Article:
While ever-so-slightly stressed at the lack of a Raspberry Pi 5 announcement over the last few years, some of our nice social media followers constructively suggested our social media staff cease posting sick memes and instead focus on getting Pi 5 manufactured. We don’t like to clip wings around here, so didn’t think twice before insisting our crack team, who know their way around ellipses better than electronics, design their own Raspberry Pi 5. What’s the worst that could happen, right? Right? Meet FrankenPi 5:
Dealing with feedback about what the engineers should have put on each new board we release is another absolute favourite part of our job. We collated everything we could remember our followers asked for on the [as yet unreleased] Pi 5 over the years, and tried our best to accommodate all requests. There were a lot of them, so it ended up being massive. Like, three times the size of the real Raspberry Pi 5.
What’s on the board?
As you can see, you’ve us to thank for the highly-favoured new on/off switch. I’m pretty sure James Adams, who designed the real Raspberry Pi 5, didn’t ever see our back-of-an-envelope design, but maybe he also picks up on
We also thought that if we put Eben’s direct line on FrankenPi, more of you would go directly to him with technical questions we often don’t know the answer to, thus freeing us up to learn how to use Threads and Mastodon and whatever other new platforms spring up in the wake of the other place transitioning beyond recognition. Spoiler: this feature did not make it onto the final board because Eben said no.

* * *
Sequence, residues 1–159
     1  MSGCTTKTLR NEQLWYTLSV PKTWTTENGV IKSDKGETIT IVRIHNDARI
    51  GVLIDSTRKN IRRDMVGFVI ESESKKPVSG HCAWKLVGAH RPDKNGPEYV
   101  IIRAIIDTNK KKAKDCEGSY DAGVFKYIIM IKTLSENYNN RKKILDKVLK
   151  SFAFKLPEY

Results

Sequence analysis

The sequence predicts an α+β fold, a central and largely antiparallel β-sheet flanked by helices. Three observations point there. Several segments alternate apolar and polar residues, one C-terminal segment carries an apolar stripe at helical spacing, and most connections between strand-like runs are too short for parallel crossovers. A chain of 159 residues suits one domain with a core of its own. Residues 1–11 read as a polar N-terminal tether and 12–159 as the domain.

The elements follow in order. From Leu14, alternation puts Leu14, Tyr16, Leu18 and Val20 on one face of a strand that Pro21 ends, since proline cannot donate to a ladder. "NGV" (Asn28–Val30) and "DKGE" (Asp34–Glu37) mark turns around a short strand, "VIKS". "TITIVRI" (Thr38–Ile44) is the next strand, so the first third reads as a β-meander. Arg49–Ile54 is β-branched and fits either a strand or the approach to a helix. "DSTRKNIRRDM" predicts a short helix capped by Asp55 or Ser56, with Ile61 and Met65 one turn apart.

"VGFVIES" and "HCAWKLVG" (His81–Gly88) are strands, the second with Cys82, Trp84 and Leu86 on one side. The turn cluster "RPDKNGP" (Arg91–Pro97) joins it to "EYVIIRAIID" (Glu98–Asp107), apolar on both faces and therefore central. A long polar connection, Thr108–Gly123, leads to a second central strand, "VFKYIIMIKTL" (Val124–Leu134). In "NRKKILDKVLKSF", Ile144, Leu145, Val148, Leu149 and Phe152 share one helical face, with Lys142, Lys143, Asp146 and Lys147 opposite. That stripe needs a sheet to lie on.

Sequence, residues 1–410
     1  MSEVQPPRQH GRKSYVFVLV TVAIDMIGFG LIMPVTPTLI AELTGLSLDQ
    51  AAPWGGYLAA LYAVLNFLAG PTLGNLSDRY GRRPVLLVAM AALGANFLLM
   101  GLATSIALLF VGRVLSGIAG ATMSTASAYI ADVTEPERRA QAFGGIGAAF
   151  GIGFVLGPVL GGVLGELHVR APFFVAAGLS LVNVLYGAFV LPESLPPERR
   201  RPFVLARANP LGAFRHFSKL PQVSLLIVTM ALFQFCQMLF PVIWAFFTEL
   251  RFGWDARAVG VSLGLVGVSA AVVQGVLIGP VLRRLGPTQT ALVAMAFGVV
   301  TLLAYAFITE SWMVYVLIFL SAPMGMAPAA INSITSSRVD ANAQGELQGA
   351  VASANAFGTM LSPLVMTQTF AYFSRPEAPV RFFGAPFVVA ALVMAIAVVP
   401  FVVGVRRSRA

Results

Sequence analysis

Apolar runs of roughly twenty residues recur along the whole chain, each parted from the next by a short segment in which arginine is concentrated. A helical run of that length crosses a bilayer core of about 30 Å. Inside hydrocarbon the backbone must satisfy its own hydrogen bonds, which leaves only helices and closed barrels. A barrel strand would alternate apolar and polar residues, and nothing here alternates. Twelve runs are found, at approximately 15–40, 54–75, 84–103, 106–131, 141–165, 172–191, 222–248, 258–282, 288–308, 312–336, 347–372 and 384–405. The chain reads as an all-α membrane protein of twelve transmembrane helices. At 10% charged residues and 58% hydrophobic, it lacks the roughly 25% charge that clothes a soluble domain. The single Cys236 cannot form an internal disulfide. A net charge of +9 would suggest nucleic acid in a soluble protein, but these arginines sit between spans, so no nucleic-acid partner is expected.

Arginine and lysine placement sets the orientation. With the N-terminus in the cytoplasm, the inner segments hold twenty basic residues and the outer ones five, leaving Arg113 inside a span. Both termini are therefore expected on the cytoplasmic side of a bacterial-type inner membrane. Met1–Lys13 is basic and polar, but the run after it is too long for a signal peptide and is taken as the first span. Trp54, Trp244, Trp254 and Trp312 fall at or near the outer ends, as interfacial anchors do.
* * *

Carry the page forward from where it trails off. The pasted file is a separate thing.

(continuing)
“USB” grumbles kept floating around too so we thought we’d add several to FrankenPi, including a few which don’t actually exist. Same goes for all the Python libraries – just shoved them all on there.
You’re going to have to solder your own GPIO because we only soldered one time each (everyone has to have a go on their first day at Pi Towers as a rite of passage) and we were all terrible.
We just threw the bat signal in there for fun and because it reminds us of the best sticker our illustrator and animator Sam has ever designed:
Our friend Ben from HackSpace magazine believes in us and decided to transform our dreams from hastily drawn biro lines on the back of an envelope into a real life PCB. Just like that time Cinderella’s outfit was jazzed right up by that old lady with sprinkles coming out of her wand. (Pretty sure that’s how JLC PCB works?)
Ben foresaw the need to add his own design element — a bottle opener so that we can celebrate our first-ever board architecture project. He warns, however, that it’s probably only good for popping one or two bottle caps due to its flimsy nature. This seems like a good time to remind you not to try and use your Raspberry Pi boards as bottle openers. It will work, but it won’t end well for either of you.
Be kind, we tried
And for our final trick, we decided to drop this blog on the final day before we all leave for Christmas break. We won’t be back until the New Year and by that time, all the comments you post telling us how awful our PCB design is will be so old they won’t sting anymore. Love you, bye.